IBA Tachick and Nulki Lakes
Vanderhoof, British Columbia
Site Summary
BC270 Latitude
53.936° N
124.167° W
710 m
149.26 km²
coniferous forest (temperate), freshwater lake, freshwater marsh
Land Use:
Fisheries/aquaculture, Not Utilized (Natural Area), Tourism/recreation
Potential or ongoing Threats:
IBA Criteria: Continentally Significant: Waterfowl Concentrations
Conservation status: IBA Conservation Plan written/being written, Unknown
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Site Description
Tachick and Nulki lakes are located in northern British Columbia, in the Nechako River Valley. Tachick Lake, the larger of the two lakes (22 km²), is approximately 25 km southwest of the town of Vanderhoof and Nulki Lake (17 km²) lies just southeast of Tachick Lake. The lakes which are surrounded by spruce and pine forests are iced over between November and April. Emergent vegetation surrounds the whole shoreline of Tachick Lake, but the centre of the lake is deeper; the average depth is 4.4 m.
Tachick and Nulki lakes provide important habitat for migrating waterfowl in the fall between September and November. Numbers seem to peak in October; for instance, in mid October 1990, an aerial survey recorded 6,368 and 11,263 ducks at Tachick and Nulki lakes respectively. When the smaller numbers of geese and swans are added, 17,726 waterfowl were counted in total. Other October counts have recorded about 11,000 and 16,000 waterfowl. At Tachick Lake, diving ducks are often more abundant, whereas at Nulki Lake, dabblers tend to be more common. In both lakes, the most common diving ducks are scaup, followed by goldeneye, while the dabbling duck species are dominated by Mallards and American Wigeon.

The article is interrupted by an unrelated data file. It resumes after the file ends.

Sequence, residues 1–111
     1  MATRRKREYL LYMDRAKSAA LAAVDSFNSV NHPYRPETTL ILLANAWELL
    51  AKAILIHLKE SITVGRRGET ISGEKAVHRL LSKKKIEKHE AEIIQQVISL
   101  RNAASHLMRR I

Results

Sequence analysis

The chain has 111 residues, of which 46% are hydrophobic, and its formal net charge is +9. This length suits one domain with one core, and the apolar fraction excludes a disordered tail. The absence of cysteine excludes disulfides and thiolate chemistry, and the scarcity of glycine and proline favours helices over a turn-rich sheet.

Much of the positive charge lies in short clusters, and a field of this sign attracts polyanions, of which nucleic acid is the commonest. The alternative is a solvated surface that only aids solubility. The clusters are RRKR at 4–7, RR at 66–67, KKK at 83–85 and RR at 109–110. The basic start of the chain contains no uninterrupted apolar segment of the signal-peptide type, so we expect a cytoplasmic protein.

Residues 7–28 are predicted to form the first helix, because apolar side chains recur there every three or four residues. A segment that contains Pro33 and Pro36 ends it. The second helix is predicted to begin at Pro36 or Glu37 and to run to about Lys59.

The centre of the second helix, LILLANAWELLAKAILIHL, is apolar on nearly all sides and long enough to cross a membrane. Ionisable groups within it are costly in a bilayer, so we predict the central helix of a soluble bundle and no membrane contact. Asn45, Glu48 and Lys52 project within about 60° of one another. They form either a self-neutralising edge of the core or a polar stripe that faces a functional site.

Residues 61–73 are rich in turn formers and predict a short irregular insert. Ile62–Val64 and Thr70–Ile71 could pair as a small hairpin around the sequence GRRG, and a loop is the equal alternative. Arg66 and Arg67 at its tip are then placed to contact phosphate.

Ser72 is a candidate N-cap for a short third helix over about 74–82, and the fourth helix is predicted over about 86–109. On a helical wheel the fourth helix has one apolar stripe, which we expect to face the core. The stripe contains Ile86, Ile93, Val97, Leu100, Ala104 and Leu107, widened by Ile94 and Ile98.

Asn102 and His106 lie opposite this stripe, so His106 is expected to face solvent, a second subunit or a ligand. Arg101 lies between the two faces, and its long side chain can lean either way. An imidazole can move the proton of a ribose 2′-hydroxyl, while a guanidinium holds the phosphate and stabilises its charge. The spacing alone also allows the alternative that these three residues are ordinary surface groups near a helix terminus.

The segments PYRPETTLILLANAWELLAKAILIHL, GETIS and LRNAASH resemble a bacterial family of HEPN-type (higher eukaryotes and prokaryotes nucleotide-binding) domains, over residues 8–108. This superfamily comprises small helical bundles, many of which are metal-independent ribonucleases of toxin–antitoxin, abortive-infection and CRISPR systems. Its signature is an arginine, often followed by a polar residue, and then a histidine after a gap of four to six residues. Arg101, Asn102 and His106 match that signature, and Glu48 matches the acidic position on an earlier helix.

At certain times during the fall, Canada Geese are also common on the lakes. In 1990, for example, a late fall census recorded 1,371 Canada Geese on Tachick Lake and 3,440 on Nulki Lake. Other bird species that use lake include gulls, Sandhill Cranes, swans, and coots.

IBA Criteria
SpeciesT | A | I Links Date Season Number G C N
Waterbirds 1990 FA 15,648 - 17,726
Note: species shown in bold indicate that the maximum number exceeds at least one of the IBA thresholds (sub-regional, regional or global). The site may still not qualify for that level of IBA if the maximum number reflects an exceptional or historical occurrence.
Conservation Issues
The conservation issues associated with these lakes are unknown.

The IBA Program is an international conservation initiative coordinated by BirdLife International. The Canadian co-partners for the IBA Program are Birds Canada and Nature Canada.
   © Birds Canada